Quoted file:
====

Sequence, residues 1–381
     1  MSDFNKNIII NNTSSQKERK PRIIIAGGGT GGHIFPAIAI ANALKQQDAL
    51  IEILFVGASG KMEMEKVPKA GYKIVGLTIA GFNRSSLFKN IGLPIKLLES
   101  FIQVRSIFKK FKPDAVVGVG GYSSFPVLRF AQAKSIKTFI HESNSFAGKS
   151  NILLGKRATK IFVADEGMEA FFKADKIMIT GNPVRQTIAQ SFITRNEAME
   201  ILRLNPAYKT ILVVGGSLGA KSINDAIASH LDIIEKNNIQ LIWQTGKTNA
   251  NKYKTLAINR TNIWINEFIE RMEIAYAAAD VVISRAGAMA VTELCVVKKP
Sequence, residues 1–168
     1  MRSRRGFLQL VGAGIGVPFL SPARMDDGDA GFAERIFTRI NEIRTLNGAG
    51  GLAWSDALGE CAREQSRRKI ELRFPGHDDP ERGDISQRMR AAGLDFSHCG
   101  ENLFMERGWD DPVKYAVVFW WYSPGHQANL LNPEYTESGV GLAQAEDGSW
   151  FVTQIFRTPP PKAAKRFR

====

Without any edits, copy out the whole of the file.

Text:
Sequence, residues 1–381
     1  MSDFNKNIII NNTSSQKERK PRIIIAGGGT GGHIFPAIAI ANALKQQDAL
    51  IEILFVGASG KMEMEKVPKA GYKIVGLTIA GFNRSSLFKN IGLPIKLLES
   101  FIQVRSIFKK FKPDAVVGVG GYSSFPVLRF AQAKSIKTFI HESNSFAGKS
   151  NILLGKRATK IFVADEGMEA FFKADKIMIT GNPVRQTIAQ SFITRNEAME
   201  ILRLNPAYKT ILVVGGSLGA KSINDAIASH LDIIEKNNIQ LIWQTGKTNA
   251  NKYKTLAINR TNIWINEFIE RMEIAYAAAD VVISRAGAMA VTELCVVKKP
Sequence, residues 1–168
     1  MRSRRGFLQL VGAGIGVPFL SPARMDDGDA GFAERIFTRI NEIRTLNGAG
    51  GLAWSDALGE CAREQSRRKI ELRFPGHDDP ERGDISQRMR AAGLDFSHCG
   101  ENLFMERGWD DPVKYAVVFW WYSPGHQANL LNPEYTESGV GLAQAEDGSW
   151  FVTQIFRTPP PKAAKRFR